Biden’s Automatic Student Loan Forgiveness Initiative Provides Relief — And Uncertainty

Investing

Since January, the Biden administration has announced that it would be cancelling billions of dollars in student loan debt by using executive action to expand relief under existing federal student loan forgiveness programs. This initiative has covered multiple student loan relief programs:

These student loan forgiveness initiatives are expected to provide nearly $10 billion in relief to hundreds of thousands of borrowers. The relief has two key features: it expands relief under existing student loan forgiveness programs to better “target” existing benefits, and the relief will be provided automatically.

The automated nature of the Biden administration’s student loan relief should, in theory, streamline loan forgiveness for many borrowers by cutting out administrative red tape that would normally be associated with processing applications. And in many ways, it’s working. “I am happy to be able to have this debt cleared and move forward with my life, and hopefully be able to purchase a home once I am financially stable again,” said one borrower who got her loans forgiven earlier this month through Biden’s expansion of Borrower Defense relief.

But the automated nature of the Biden administration’s initiatives is also causing uncertainty. The Department of Education has provided few details about its process for determining eligibility, or a timeline for when borrowers can expect to see the student loan forgiveness that they may be entitled to. The Department has indicated that it will utilize data-sharing tools between various federal agencies such as the Social Security Administration for automated TPD discharges, and the Department of Defense for retroactive interest waivers for military service members who served in hostile pay areas. But the Department has provided few additional details.

The results have been mixed. Many student loan borrowers waited at least six months to see their loan balances wiped out following the Department’s March announcement that it would be expanding relief for certain approved Borrower Defense claims. And the Department has not made a formal announcement that it has started processing the expanded relief announced for disabled borrowers, former ITT Tech students, or military service members. Without clear guidance or a timeline, uncertainty will likely persist for borrowers — which may be particularly concerning given that most federal student loans will be resuming repayment by February, after a nearly two-year payment pause.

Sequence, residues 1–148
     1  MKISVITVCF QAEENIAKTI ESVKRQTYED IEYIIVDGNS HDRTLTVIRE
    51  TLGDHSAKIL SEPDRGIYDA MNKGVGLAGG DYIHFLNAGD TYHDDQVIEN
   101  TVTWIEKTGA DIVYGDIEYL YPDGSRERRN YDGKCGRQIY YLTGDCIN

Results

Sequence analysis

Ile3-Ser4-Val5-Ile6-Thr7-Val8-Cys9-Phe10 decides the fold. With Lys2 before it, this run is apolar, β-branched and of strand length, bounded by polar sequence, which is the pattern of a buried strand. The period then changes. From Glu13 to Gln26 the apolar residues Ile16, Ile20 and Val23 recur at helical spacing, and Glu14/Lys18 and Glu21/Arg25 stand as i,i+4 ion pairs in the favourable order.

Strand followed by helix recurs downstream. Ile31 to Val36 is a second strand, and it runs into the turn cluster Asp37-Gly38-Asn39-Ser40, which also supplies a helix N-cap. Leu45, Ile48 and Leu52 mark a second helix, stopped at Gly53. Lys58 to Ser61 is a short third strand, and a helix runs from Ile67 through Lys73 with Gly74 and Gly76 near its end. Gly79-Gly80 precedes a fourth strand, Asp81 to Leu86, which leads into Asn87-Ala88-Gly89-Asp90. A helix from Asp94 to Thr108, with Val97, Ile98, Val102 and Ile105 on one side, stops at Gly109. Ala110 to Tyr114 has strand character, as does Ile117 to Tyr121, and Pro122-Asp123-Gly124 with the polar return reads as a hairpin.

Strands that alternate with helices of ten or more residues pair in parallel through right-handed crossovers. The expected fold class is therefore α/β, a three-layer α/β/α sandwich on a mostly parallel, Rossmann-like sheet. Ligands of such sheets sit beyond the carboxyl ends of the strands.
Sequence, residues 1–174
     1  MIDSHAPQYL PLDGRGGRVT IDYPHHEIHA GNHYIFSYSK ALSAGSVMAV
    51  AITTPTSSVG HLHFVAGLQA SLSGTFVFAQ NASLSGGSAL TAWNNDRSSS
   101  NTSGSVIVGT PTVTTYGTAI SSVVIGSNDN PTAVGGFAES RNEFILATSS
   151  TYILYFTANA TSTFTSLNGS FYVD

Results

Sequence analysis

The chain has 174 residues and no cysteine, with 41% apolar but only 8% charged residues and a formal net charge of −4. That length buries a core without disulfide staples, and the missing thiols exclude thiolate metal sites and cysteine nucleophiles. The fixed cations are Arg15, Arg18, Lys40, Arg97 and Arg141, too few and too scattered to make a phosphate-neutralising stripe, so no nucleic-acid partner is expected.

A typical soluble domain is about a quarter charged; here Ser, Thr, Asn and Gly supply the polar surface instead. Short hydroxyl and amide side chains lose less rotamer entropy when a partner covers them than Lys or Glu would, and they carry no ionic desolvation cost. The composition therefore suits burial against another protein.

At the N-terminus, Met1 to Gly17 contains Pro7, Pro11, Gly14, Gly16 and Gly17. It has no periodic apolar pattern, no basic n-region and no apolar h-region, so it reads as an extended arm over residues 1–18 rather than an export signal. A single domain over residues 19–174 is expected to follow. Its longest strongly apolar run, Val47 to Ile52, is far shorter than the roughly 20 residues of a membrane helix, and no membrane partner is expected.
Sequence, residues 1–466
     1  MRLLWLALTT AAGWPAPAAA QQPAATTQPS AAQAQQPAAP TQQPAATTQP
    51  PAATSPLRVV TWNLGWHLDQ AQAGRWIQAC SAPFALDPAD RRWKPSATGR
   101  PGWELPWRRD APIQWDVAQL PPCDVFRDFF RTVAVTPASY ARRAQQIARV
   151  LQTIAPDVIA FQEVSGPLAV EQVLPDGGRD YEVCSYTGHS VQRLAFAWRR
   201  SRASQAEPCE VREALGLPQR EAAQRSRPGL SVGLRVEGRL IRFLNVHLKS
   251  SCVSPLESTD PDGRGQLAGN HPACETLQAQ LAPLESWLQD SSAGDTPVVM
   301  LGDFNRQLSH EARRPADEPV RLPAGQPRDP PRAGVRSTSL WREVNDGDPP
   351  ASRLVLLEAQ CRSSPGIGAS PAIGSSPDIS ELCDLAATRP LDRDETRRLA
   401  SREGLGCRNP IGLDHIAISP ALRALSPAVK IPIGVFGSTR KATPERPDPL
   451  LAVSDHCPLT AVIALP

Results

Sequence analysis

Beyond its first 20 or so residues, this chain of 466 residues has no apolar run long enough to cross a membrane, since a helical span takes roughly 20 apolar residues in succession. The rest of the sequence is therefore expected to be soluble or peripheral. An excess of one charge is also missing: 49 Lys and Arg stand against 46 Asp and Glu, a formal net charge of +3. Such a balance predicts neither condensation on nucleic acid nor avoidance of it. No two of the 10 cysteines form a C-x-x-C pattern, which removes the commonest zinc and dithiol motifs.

In the meantime, borrower advocates are pushing the Biden administration to continue to expand its student loan forgiveness initiatives. Most recently, advocates have been focused on the Public Service Loan Forgiveness (PSLF) program, urging administration officials to relax PSLF’s opaque eligibility requirements and allow all student loan borrowers with 10 or more years of public service employment to have their federal student loans eliminated. So far, the administration has not announced any new initiatives.

Further Reading

Biden Urged To Fix Public Service Loan Forgiveness By Automatically Wiping Out The Debt Of Public Servants

These Student Loans Are Excluded From Biden’s Loan Forgiveness And Relief Programs — Here’s Why

Student Loan Borrowers: Expect These 4 Things By January

Biden Administration Cancels $1 Billion In Student Loans But Bungles The Rollout, Concerning Advocates

Products You May Like

Articles You May Like

This is now the world’s most expensive city to live in, study says
Black Friday shopping in stores drops 28% from pre-pandemic levels as shoppers spread spending throughout the season
Omicron setback is a buying opportunity for tourism stocks, investor says
Here’s how to get a jump-start on the upcoming tax season
Kay Jewelers parent Signet shares down as investors fear retailer will have trouble sustaining strong growth

Leave a Reply

Your email address will not be published. Required fields are marked *